Deborah Yakubu , other examples

Viral videos of street judgements abound in their terrifying volumes in Nigeria, but more prominent are those of the twin cases of Deborah Yakubu, a student of Shehu Shagari College of Education, Sokoto and David Imoh, a Sound Engineer, in Lekki, Lagos, by okada riders.

There have equally been cases of mob attacks on politicians and government functionaries. A case of a certain politician who was attacked and later restricted from pasting campaign posters in the Oke Aro neighbourhood of Ifo Local Government Area, Ogun State comes to mind.

The politicians were said to have cleverly avoided being lynched by the youths. An eye witness said the youths were angry over the dilapidated state of the roads in their community, and so vowed never to allow political campaigns in the environment. A motor park warden who chose to speak under condition of anonymity said this is the reason why there are no campaign posters in Oke Aro.

Though no reason was advanced as the cause of their annoyance, an enraged group of youths were recently seen in a video, pelting a bus conveying journalists in the convoy of Asiwaju Bola Ahmed Tinubu, the All Progressives Party’s (APC) presidential candidate in the forthcoming 2023 elections in the Lagos Island part of Lagos State. In most cases of jungle justice, the on looking public never gets to see the evidence of the offences being alleged.

The accusation of blasphemy is never proven and obviously, Deborah the accused in Sokoto was never allowed to defend herself. Commercial motorcyclists in protest of the ban on their operations along highways in Lagos State had on several occasions staged mob attacks on law enforcers, against the cause of law. The 2021 case of mob attack on the residence of the Bishop of Enugu Diocese of the Catholic Church, by followers of Rev Fr Ejike Mbaka, is another competent example through which the crime may be subjected to proper, clearer steps at curbing it.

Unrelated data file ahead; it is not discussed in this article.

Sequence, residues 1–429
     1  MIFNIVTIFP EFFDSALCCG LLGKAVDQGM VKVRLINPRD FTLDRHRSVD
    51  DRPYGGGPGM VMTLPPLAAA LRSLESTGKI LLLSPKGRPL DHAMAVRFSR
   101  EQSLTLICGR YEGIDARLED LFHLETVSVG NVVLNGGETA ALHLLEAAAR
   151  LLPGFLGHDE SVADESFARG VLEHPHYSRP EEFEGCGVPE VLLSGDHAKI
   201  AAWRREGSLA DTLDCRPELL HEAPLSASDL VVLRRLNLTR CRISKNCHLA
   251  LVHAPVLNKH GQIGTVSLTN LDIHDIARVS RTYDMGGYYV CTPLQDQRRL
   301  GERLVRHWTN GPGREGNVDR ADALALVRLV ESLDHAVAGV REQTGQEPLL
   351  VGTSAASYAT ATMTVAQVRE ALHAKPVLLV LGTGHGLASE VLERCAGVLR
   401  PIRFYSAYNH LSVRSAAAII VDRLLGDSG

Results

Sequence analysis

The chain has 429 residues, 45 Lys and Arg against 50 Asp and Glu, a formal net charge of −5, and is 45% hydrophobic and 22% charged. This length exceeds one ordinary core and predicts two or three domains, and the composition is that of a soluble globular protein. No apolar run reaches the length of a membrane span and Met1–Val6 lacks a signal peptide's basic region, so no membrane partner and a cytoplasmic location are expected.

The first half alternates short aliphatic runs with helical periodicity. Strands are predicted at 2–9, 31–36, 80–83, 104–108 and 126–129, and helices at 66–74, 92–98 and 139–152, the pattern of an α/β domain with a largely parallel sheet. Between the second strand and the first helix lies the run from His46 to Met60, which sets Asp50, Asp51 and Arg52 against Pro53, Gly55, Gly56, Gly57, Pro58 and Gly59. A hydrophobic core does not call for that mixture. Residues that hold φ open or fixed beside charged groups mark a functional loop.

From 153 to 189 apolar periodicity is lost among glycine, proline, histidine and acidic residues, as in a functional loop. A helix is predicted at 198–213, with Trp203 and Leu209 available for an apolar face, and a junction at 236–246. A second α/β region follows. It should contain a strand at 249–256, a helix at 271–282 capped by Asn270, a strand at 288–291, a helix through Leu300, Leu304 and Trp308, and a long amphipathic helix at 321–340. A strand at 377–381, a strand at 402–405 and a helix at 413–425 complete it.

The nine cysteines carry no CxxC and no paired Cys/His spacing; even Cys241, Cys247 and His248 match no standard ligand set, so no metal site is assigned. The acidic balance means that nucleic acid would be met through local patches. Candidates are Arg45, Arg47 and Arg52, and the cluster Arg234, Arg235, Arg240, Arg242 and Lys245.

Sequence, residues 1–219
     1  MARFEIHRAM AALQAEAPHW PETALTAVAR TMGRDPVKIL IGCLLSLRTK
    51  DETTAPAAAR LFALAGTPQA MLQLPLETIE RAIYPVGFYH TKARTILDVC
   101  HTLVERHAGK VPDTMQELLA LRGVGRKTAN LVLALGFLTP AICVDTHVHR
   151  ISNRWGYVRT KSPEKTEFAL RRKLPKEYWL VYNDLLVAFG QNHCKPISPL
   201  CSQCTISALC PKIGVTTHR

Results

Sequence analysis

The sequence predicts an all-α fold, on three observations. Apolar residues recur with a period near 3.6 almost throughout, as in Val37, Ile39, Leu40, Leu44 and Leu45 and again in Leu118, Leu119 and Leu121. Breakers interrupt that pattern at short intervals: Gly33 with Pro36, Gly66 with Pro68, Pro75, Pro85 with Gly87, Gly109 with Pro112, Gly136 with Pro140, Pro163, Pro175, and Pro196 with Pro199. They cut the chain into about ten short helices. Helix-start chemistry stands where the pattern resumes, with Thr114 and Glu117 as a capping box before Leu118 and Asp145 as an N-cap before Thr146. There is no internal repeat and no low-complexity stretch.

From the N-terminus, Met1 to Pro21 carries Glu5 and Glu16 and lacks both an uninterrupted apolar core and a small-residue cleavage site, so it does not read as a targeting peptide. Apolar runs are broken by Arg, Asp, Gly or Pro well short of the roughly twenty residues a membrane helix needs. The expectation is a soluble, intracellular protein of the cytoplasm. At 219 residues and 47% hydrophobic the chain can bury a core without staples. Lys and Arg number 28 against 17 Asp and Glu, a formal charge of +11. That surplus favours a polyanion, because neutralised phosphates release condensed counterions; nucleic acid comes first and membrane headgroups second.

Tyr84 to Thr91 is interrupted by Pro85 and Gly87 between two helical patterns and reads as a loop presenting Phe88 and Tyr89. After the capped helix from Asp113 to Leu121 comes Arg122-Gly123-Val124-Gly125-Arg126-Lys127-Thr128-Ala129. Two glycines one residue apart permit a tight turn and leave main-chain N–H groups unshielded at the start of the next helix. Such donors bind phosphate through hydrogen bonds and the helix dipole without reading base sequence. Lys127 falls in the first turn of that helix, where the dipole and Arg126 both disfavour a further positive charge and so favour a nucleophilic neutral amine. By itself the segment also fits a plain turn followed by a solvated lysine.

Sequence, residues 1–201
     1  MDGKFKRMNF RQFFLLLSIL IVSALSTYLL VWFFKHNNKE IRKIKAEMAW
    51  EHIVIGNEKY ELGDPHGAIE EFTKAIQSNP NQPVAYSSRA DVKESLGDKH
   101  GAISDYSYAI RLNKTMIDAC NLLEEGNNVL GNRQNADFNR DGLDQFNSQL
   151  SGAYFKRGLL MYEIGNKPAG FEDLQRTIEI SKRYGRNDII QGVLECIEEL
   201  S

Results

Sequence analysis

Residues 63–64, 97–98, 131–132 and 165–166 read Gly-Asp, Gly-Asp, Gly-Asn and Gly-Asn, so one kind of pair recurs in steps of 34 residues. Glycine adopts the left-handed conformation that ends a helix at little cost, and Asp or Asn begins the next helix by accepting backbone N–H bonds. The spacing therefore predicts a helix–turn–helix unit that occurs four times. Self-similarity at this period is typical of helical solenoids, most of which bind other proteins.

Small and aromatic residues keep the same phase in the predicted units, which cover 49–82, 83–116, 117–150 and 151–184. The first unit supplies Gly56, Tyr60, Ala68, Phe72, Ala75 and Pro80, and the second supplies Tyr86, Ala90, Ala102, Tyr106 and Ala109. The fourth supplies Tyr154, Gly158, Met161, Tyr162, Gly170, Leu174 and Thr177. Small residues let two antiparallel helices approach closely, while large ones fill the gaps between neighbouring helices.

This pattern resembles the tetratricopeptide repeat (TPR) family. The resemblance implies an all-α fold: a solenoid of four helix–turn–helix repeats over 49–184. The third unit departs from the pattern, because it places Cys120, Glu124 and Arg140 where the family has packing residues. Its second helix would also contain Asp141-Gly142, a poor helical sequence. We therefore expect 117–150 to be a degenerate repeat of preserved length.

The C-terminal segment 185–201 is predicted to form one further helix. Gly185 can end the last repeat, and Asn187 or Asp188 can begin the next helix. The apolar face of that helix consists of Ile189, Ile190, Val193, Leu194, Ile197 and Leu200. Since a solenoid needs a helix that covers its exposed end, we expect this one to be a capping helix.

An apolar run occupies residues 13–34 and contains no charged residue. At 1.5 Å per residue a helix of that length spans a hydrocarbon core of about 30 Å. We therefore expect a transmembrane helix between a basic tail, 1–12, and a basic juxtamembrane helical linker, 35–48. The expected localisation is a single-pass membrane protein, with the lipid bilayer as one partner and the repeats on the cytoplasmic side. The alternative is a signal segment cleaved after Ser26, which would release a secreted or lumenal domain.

Deborah Yakubu was gruesomely murdered in daylight by her classmates on the school premises after they alleged she insulted the prophet Mohammed in a class Whatsapp group. Efforts at bringing her killers to book and serving as a deterrent to future occurrences has so far failed, as over 30 lawyers in obvious ethnic inclination rose to their defence. Little has since been heard of the case. Jungle justice is neither limited to those involved directly, nor exclusive to the streets.

All that is needed for jungle justice is an angry mob, to execute a self-conceived retaliation or punishment, for an offence that has not been established in any court, contrary to Section 33(1), of the Constitution of the Federal Republic of Nigeria, 1999 (as amended) Therefore, a mob may be formed by any gathering of people whether in the church, at the park, a school or market; whether as students, trade unionists of dissatisfied constituents against their representatives and even members of any religious group.

Before the reappearance of the Spiritual Director of Adoration Ministries Enugu, Rev Father Mbaka, amidst a retinue of security men, at his Adoration Campground, on Wednesday, May 5, 2021, his followers had mobilised and descended on the episcopal residence of the Enugu Catholic Diocese Bishop, Most Rev. Callistus Onaga, destroying properties including three buildings and the perimeter fence, after suspecting him to have a hand in the disappearance of the Reverend Father.